Time for Noah’s Ark again?
Michael Roberts looks at the impact of climate change across the world
The world is experiencing extreme weather. In the US, California’s drought is the worst in 100-years while the East Coast faced a massive snowstorm with freezing temperatures. On the other side of the world, Australia continues to deal with intense summer heat and droughts, causing major bush fires. There has been severe winter flooding in the UK and Europe; extreme cold and snow in the Eastern US and Japan and so on.
Now this may just be random, outliers in the normal distribution of weather conditions, or it could be that the globe is reaching a peak in a cycle of weather, or it could be the ever-growing impact of climate change as the world heats up. In fact, it could be all three, as the first two possible causes can be considered as immediate or cyclical and the last (climate change) as structural or ‘ultimate’. The facts speak. Since 1997, the world has experienced the 13 warmest years ever recorded out of 15, according to the UN. June 2012 marked the 328th consecutive month with a global temperature above the 20th century average. In 2013, extreme weather events included several all-time temperature records. Snow cover in Europe and North America was above average, while the Arctic ice was 4,5% below the 1981–2010 average.
Northern Hemisphere weather extremes have been linked to the Arctic sea ice melting. In January alone, 11233 weather-related deaths were reported in India. Bangladesh faced the lowest temperature since country’s independence. In Europe, last summer’s weather was bizarre. Finland and most of Northern Countries got the highest temperatures in Europe during May and June, while Western- and Middle Europe faced much cooler weather and even their wettest May and June ever. Overall, prolonged heat waves in the Northern Hemisphere set new record high temperatures.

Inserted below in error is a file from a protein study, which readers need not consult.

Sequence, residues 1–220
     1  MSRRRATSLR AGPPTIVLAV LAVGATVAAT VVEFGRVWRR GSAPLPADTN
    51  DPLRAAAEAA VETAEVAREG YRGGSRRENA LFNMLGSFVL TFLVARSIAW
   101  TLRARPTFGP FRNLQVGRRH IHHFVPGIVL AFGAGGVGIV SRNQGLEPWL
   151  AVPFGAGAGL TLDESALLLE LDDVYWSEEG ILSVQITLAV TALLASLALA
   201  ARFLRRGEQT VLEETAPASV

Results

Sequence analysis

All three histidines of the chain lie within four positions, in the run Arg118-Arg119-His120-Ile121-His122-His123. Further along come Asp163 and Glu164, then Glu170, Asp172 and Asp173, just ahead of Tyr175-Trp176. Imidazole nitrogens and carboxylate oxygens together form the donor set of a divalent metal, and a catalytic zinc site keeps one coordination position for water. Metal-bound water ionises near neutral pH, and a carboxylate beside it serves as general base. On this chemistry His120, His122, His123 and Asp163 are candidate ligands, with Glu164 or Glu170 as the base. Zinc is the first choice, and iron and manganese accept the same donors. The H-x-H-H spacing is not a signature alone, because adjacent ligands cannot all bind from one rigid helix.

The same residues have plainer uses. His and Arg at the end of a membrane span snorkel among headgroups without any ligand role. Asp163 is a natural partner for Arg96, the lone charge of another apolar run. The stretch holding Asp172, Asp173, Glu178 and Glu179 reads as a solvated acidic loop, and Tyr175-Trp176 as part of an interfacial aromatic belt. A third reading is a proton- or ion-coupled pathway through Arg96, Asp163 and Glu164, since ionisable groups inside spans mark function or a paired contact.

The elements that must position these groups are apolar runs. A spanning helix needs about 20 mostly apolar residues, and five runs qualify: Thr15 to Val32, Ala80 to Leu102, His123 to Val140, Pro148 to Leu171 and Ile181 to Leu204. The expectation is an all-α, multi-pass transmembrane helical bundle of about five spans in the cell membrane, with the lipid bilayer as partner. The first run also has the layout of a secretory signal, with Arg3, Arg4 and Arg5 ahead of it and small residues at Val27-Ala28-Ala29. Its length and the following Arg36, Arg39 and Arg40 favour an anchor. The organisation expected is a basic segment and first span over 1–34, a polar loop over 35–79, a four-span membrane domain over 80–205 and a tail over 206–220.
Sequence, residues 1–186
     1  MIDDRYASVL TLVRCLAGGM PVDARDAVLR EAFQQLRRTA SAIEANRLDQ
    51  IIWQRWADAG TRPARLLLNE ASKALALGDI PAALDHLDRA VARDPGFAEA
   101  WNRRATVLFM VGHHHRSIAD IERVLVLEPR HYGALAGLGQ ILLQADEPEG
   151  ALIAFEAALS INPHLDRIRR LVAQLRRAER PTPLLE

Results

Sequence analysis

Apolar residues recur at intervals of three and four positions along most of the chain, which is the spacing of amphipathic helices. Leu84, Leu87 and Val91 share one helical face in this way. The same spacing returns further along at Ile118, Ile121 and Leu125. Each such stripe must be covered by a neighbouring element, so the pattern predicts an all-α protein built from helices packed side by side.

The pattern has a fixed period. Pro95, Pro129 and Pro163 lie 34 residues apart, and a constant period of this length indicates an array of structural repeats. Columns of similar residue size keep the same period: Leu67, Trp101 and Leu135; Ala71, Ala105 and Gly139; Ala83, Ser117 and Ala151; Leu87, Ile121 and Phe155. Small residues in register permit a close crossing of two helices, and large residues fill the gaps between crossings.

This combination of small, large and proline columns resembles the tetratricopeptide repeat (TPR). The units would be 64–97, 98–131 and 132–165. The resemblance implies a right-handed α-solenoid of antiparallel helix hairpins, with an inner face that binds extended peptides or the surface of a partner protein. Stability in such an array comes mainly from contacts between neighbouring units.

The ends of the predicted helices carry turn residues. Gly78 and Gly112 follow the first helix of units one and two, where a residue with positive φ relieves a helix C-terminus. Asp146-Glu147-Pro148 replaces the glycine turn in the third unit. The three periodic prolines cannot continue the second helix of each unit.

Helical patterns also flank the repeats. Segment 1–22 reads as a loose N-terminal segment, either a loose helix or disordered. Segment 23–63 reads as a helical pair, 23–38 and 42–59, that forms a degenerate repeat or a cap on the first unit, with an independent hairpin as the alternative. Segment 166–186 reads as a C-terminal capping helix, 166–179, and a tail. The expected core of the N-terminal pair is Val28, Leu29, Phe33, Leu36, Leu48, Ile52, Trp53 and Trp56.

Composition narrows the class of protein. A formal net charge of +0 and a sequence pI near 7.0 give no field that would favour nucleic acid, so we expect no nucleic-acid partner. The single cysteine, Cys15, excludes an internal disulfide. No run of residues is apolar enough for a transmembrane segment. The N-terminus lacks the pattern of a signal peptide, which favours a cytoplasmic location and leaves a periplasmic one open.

There’s little doubt that climate change is contributing to the extreme weather disasters we’ve been experiencing.
Numerous studies, such as the US NOAA’s 2011 State of the Climate report, shows the clear links between extreme weather and human-induced climate change. In the UK, the media is bouncing about the extreme levels of rain and wind hitting the island and causing significant and prolonged flooding. The UK Met Office, the body that forecasts the weather, announced that climate change was likely to be a factor in the extreme weather that has hit much of the UK in recent months: “all the evidence suggests there is a link to climate change” and “there is no evidence to counter the basic premise that a warmer world will lead to more intense daily and hourly rain events.” The UK Met office said there had been the “most exceptional period of rainfall in 248 years”.
Climate models are forecasting increased episodes of flooding for the UK under climate change conditions. According to the UK Met Office, four of the wettest five years have occurred since 2000, a statistic made all the more remarkable given the drought between 2010 and 2012. Peer-reviewed scientific research, performed by academics in collaboration with RMS scientists, found that climate change increased the likelihood of the floods that impacted England and Wales in the year 2000 in which 10,000 homes and businesses were flooded due to heavy autumn precipitation. And Britain’s Rowntree Foundation study, found that this was a direct result of the physical principle that a warmer atmosphere holds higher amounts of water vapour and UK regional climate models predict increased winter rainfall (especially in the north and west) and more intense, highly localised summer rainfall (especially in the south and east). These predictions also accord with recent changes in rainfall over the period 1961–2006 which have seen many parts of the UK affected by severe and highly damaging floods. The study concluded “Whilst no single flood can unequivocally be attributed to climate change, there is evidence that the probability of floods (in this instance, the regional floods affecting England and Wales in 2000) is increasing as a result of anthropogenic greenhouse gas emissions.”